The interest rates for bridging finance can vary depending on your borrowing needs and circumstances.

Factors like the value of the property used as security, the LTV% and your personal income can all affect the interest rate you receive. It is also important to budget for any additional fees such as exit fees and early repayment charges.

When you borrow from us, you benefit from:

  • No personal income requirement
  • No exit fees
  • No early repayment charges
  • Up to 75% loan to value
  • Rates from 0.99% for 1st charge and 2nd charge per month
  • Serviced and rolled interest available
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Examples of bridging loan interest rates

Naturally your exact interest rate will be unique to your needs and circumstances. If you want an exact quote, simply complete our online enquiry form, or give us a call.

In the meantime, here is a rough guide to the typical rates you could expect:

Important Note: to make your life easier, all of our bridging products come with the ability to refinance to a buy-to-let mortgage (application approval required). This can help your exit strategy.

Residential bridging loans

If there is no work required to the property:

• Loans available from £25,000 up to £500,000
• Up to 75% LTV
• Rates starting at 0.99% per month

Light refurbishment bridging loans

For investors looking to refresh a property without requiring planning consent i.e. kitchens, bathrooms, rewiring, plumbing, decorating etc:

• Loans available from £25,000 up to £500,000
• Up to 75% LTV
• Rates starting at 0.99% per month

Heavy refurbishment bridging loans

For properties requiring significant structural improvements and planning permissions such as wraparound extensions, loft conversions etc:

• Loans available from £10,000 up to £500,000
• Available as a 1st charge only
• Up to 75% LTV
• Rates from 1.15% per month

Micro bridging loans

Multi-purpose, lower capital borrowing:

• Loans available from £25,000 up to £49,999
• Up to 75% LTV
• Rates from 0.99% per month

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Simply fill out the form above, or call us to discuss your needs now.

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Interest rates for bridging finance...

Bridging loans let you borrow large amounts of money over short periods of time without having to pay early repayment penalty charges. This flexibility usually makes them more expensive than other forms of borrowing such us a typical mortgage.

All loans require repayment, and the lender will decide the cost of a loan based on the risk of the loan not being repaid. The higher the risk to the lender, the higher the interest rate you will pay.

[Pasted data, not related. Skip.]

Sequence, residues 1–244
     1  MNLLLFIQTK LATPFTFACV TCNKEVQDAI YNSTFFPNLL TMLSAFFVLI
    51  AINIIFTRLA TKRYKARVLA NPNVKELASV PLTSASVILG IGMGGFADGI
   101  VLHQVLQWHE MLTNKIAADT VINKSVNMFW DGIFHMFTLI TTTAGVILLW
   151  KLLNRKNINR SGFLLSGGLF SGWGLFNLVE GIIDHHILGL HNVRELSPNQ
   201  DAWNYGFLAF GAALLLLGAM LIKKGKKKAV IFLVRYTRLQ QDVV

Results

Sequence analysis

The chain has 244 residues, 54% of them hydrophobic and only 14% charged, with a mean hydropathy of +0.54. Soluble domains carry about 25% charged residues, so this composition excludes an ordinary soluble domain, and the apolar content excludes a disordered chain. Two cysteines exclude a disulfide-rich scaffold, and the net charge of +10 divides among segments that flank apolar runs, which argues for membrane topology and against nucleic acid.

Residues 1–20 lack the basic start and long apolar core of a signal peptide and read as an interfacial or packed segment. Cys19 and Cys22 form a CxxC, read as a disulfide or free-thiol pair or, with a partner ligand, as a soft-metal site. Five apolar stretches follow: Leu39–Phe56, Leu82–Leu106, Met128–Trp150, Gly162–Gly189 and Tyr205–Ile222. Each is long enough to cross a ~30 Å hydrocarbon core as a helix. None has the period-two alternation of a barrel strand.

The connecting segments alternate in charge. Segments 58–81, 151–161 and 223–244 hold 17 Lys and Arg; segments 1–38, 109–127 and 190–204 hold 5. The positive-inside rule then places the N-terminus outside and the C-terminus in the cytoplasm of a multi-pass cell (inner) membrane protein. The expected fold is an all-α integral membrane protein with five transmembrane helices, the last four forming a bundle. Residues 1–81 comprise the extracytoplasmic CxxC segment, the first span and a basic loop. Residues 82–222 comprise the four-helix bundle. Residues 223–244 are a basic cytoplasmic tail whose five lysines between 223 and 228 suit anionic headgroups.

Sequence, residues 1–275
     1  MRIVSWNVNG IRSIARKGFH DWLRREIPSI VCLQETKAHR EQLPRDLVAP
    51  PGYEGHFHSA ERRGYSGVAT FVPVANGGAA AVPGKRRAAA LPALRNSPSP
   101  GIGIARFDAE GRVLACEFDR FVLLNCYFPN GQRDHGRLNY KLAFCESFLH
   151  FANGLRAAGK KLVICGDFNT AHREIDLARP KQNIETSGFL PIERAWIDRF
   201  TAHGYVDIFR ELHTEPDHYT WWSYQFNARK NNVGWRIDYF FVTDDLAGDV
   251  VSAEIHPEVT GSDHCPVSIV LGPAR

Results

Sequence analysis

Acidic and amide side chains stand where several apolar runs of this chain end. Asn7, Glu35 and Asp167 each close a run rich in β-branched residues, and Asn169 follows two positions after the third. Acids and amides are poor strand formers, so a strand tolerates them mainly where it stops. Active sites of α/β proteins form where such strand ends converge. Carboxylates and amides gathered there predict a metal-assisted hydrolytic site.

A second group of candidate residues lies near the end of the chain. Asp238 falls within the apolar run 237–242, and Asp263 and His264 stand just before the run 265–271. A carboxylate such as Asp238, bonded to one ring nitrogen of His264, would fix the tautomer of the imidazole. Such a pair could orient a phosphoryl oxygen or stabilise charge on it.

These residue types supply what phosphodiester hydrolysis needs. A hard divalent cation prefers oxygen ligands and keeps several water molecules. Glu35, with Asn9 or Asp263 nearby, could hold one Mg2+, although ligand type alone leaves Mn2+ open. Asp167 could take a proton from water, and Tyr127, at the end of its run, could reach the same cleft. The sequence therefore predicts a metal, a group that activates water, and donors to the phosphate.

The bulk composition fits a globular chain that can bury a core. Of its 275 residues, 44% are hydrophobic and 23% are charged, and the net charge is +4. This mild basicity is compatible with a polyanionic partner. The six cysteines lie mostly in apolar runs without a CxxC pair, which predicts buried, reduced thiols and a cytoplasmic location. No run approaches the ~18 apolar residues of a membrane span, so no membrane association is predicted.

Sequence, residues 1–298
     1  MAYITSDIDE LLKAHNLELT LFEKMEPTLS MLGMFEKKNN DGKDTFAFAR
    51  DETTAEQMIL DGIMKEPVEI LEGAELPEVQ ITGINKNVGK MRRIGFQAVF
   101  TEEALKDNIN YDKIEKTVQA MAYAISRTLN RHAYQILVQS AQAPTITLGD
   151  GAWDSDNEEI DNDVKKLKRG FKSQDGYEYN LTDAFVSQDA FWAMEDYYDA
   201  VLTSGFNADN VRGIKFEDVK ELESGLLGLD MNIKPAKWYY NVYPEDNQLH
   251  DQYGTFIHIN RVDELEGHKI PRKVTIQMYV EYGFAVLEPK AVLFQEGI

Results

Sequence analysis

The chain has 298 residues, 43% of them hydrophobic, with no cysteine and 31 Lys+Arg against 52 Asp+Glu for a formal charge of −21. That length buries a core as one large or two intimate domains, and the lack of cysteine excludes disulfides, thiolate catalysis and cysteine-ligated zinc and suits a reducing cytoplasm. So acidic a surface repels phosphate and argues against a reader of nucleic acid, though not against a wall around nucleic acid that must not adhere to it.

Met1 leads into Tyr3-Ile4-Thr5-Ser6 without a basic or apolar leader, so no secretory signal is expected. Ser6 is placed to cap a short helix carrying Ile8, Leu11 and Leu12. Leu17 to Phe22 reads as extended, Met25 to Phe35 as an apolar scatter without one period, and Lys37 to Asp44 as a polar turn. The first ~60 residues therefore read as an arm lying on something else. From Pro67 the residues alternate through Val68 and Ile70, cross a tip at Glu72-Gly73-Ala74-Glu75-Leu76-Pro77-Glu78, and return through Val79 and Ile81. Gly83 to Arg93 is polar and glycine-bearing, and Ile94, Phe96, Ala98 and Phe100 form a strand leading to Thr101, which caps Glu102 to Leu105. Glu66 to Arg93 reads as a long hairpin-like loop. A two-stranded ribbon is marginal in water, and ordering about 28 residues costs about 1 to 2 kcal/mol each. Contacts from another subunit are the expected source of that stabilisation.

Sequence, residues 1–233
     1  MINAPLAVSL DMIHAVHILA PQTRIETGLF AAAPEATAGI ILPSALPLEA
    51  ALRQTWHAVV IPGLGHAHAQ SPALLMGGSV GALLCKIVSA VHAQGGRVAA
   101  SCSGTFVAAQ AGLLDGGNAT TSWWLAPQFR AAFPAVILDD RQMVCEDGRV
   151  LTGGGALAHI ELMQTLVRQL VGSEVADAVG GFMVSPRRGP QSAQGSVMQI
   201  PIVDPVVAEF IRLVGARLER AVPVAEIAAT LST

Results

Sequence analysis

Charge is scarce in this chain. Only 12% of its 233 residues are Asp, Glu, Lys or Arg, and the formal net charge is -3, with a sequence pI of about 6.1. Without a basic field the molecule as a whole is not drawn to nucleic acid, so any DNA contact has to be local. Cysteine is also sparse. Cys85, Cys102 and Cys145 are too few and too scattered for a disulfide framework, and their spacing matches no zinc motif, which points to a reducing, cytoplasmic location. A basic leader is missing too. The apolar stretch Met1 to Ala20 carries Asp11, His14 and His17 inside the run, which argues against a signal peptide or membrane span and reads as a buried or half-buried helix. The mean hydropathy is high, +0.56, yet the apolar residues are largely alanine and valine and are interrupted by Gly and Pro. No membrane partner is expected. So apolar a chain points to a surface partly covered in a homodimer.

To reduce the risk to the lender, these loans are secured against a property. This means that the lower the LTV percentage (or “loan to value” ratio), the less risk there is for the lender. LTV is the value of your property, versus the amount of money you borrow against it. The greater the difference, the lower the LTV.

Having a lower LTV means there is less risk to the lender – this could allow you to get a lower rate of interest for your loan.

Having a higher LTV means more risk for the lender – this usually means you will pay a higher rate of interest.

Typically, the maximum LTV ratio a lender will consider is 75%.

Exit strategies / Exit plans for bridging loans…

In addition to the LTV ratio, lenders will also lower their risk by ensuring you have something called an “exit plan” (also known as an “exit strategy”) in place before agreeing your loan.

An exit strategy is your specific plan to raise the money to repay your loan, by the end of your repayment period.

The two most common exit strategies are:

  • Selling the property and repaying the loan from the proceeds
  • Transferring the debt to a longer term form of finance (usually a mortgage)

It is essential to have an exit strategy when applying for your loan, otherwise you are likely to pay a much higher rate of interest, or struggle to get approved for the loan.

"Rolled up interest rates" and “Serviced interest rates"

There are two different ways of paying interest on your bridging finance: “rolled up interest” and “serviced interest” (sometimes known as “serviced monthly interest”).
It is important to make sure that you choose whichever type of interest payment method that suits your circumstances and exit plan.

Serviced interest:

Serviced monthly interest is the most common, “typical” why of paying interest. You make monthly repayments to the lender, which include your contributions towards repaying the interest.

Rolled up interest:

Rolled up interest means that there is no interest included in your monthly repayment, and the total amount of interest is repaid as a lump sum at the end of the term of the loan.

We can provide both serviced and rolled up interest rates – if you want to discuss which option would suit you better, feel free to give us a call or make an enquiry online.